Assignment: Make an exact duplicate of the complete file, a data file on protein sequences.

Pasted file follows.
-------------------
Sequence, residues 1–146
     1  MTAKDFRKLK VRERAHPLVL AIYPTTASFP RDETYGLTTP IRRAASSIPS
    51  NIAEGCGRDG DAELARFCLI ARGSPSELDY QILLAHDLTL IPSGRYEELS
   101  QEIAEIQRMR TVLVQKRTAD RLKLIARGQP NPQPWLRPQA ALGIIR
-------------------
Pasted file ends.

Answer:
Sequence, residues 1–146
     1  MTAKDFRKLK VRERAHPLVL AIYPTTASFP RDETYGLTTP IRRAASSIPS
    51  NIAEGCGRDG DAELARFCLI ARGSPSELDY QILLAHDLTL IPSGRYEELS
   101  QEIAEIQRMR TVLVQKRTAD RLKLIARGQP NPQPWLRPQA ALGIIR